By sending in your answer, you’ll also receive: n an official S.I.S. Agent

number n an Insect Investigators

Licence n a search warrant n a copy of the Special Insect Squad Training Manual.

23


Swooping about. Photo: Kerry Weston

Catching a

bat in the dark of night By Laura Keown

Laura visited Forest & Bird’s bat recovery project in Marlborough to learn how to trap and tag a longtailed bat.

© Wild Things Issue 144, Aug 2019. Produced by Forest & Bird

Exploring. Photo: Colin O’Donnell | DOC

We have only two native land mammals in Aotearoa. They’re two species of furry little flying pekapeka, or bats, and they are so cute! I helped to catch long-tailed bats in the Rai Valley recently. Catching the bats helps us to learn more about how to protect them. Long-tailed bats are very rare and critically endangered, so it was a very special experience. Long-tailed bats are amazing flyers. They can fly at about 60km/h. They swoop around in the darkness eating insects right out of the air by using echolocation (using reflected sound to locate objects).   When they fly, they are completely silent to the human ear. It’s very hard to know bats are around in the night, unless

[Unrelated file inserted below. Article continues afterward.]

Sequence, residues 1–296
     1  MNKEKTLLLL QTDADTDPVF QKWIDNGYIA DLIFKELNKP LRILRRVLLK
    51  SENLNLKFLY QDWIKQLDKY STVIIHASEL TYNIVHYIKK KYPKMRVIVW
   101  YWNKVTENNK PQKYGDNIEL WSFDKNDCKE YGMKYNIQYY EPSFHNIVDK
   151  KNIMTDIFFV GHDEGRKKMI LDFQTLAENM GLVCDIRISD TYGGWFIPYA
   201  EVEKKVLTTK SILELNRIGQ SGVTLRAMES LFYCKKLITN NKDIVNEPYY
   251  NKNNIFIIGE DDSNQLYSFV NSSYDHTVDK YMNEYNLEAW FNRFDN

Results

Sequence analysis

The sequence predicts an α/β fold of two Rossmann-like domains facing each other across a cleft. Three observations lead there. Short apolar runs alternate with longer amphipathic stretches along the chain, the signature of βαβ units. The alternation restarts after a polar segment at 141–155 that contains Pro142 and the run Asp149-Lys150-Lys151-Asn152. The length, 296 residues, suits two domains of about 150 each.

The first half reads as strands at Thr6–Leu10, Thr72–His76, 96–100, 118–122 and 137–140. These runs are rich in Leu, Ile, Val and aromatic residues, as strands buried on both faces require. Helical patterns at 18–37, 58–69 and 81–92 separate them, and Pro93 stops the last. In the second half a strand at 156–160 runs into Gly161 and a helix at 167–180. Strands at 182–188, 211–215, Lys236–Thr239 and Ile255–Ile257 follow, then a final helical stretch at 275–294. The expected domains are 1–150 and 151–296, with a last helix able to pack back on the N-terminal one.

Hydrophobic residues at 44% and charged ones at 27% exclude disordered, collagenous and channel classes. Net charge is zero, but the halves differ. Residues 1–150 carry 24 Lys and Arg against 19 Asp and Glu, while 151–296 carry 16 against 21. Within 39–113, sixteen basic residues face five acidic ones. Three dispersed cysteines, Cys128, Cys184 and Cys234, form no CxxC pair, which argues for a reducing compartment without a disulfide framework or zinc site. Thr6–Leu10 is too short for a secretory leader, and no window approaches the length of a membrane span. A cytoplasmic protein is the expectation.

24

WILDThings

Hanging out. Photo: DOC

you have a special bat detector to listen for their echolocation calls.   Long-tailed bats are incredibly small. Their furry body is only about as long as my thumb, with big leathery wings that stretch out and a long tail that connects to their wings and helps them fly.  

Bats are awake all night, flying and eating. During the day, they sleep in the hollow parts of old growth trees. They don’t sleep in the same roost every night, but they do like to roost all together in a group, especially when there are baby bats around.


Nelson

Rai Valley and Pelorus areas

© Wild Things Issue 144, Aug 2019. Produced by Forest & Bird